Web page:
Every game, including the “Game of Life,” has rules of engagement. Family businesses are best served when they clearly define the terms and conditions of employment for family members and for non-family.
Join David Bork and the Family Business Matters Consulting Team for "The Bork Process™", a two-day, cutting-edge workshop from April 12-13 in Miami, FL. This stellar seminar is the product of David’s accumulated wisdom from 50 years of expertise working with over 450 family businesses all over the world and is intended to be a deep dive into some of the BEST international family business practices, grounded in the Four Pillars of Family Business: Alignment, Boundaries, Communication and Competency.
David Bork is proud to have contributed the forward for the book, MAPS for Men: A Guide for Fathers and Sons and Family Businesses. New York Times best-selling author and nationally syndicated radio show host Dave Ramsey calls this important book “a must-have resource for any and every family business."
Top Ten Family Business Facts | Fact #2: The Cluster Model Helps Capture the Evolution of Your Family Business Over Time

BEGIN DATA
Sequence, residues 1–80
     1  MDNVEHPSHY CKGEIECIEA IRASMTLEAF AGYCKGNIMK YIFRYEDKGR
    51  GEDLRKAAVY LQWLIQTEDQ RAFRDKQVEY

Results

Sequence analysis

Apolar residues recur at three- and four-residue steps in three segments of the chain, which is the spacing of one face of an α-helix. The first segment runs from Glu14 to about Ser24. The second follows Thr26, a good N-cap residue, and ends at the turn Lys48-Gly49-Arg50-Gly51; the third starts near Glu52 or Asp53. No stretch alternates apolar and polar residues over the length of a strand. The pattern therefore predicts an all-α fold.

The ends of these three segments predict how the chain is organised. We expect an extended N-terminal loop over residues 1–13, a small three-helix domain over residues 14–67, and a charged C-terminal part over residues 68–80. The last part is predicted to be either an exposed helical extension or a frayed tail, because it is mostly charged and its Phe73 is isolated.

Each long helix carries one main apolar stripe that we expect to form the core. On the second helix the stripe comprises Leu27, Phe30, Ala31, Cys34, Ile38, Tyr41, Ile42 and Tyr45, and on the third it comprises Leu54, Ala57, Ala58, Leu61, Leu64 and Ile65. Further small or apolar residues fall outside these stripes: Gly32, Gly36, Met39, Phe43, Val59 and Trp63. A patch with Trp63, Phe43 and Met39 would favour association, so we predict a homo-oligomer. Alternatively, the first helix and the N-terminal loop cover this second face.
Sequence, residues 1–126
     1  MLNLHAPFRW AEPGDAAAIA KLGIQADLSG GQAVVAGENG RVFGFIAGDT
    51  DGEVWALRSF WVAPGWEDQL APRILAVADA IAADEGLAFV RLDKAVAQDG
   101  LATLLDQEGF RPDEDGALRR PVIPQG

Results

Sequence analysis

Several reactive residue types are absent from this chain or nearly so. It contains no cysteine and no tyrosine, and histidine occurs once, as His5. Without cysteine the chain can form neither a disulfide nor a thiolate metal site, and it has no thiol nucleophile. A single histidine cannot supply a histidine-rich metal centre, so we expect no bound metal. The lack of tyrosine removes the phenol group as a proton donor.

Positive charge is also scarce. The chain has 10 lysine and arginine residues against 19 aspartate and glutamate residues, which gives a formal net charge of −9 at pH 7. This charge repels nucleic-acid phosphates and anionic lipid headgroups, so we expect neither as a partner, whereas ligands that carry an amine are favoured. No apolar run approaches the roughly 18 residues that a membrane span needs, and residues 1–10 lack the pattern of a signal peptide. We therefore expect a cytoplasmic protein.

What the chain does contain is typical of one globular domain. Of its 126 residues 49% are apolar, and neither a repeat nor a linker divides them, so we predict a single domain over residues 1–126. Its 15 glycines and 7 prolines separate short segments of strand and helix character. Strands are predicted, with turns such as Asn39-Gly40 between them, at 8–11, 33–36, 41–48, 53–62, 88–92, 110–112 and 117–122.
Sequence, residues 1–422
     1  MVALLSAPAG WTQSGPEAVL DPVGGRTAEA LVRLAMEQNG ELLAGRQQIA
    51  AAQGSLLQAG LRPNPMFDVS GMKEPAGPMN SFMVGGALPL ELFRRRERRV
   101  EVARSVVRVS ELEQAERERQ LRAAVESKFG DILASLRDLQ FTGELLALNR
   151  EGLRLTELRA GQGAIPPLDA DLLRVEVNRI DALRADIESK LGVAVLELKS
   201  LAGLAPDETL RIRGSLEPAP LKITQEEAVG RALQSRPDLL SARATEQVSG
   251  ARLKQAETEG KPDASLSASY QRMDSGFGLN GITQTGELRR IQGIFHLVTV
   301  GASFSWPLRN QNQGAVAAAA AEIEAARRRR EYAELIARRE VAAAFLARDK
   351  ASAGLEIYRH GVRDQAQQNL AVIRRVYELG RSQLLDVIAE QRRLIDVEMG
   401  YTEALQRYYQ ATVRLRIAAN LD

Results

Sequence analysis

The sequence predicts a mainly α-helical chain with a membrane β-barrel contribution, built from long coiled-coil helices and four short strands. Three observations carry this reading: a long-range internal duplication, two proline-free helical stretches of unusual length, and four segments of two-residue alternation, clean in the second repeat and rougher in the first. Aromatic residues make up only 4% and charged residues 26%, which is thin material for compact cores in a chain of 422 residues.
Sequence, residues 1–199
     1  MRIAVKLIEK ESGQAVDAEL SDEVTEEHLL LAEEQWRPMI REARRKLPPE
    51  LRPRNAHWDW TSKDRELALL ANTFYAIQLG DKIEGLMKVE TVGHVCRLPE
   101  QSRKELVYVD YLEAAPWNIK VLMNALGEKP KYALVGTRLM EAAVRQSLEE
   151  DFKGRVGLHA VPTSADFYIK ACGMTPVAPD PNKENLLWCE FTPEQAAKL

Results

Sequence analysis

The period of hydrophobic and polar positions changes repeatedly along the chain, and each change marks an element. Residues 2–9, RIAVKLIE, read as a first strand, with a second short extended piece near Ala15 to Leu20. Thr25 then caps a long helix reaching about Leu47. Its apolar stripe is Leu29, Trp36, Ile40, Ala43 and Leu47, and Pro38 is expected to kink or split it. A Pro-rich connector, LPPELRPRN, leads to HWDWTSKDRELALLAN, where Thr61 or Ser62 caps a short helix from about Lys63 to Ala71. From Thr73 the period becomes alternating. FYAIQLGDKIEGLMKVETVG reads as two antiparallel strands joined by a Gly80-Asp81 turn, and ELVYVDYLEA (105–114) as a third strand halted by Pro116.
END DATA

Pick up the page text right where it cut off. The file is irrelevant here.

Traditionally, family businesses are described as constituent of three overlapping circles: 1) the family, 2) the business, and 3) the ownership (Gersick, Davis, McCollom Hampton, & Lansberg, 1997; Tagiuri & Davis, 1996). Recently, Michael-Tsabari, Labaki, & Zachary (2014) suggested the Cluster Model to update the two and three-circle models by providing a more detailed picture of the circles’ evolution over time.
So begins a recent special report on family businesses published by The Economist.
A successful family business must be poised to prosper for many generations to come. A quick list of necessary items needed to create a successful family business include: alignment on important matters, a shared vision for the company, a detailed action plan, a family constitution, a shareholder agreement, a responsible owner and an official employment policy.
Trust in family business is a critical issue. Strong relationships which are based on trust and communication build equality and respect - not power and control. Trust can be built, measured, tested and repaired. It is a way of reducing uncertainty in interpersonal and organizational settings and is necessary for cohesive and productive professional relationships.
Disputes can cause major disruptions within a family business and even spell an end to the business if not handled effectively. This is exactly why learning how to facilitate dispute resolution in family business is vital. The development of a shareholder agreement can prove to be invaluable in resolving differences and protecting a family business from making destructive decisions.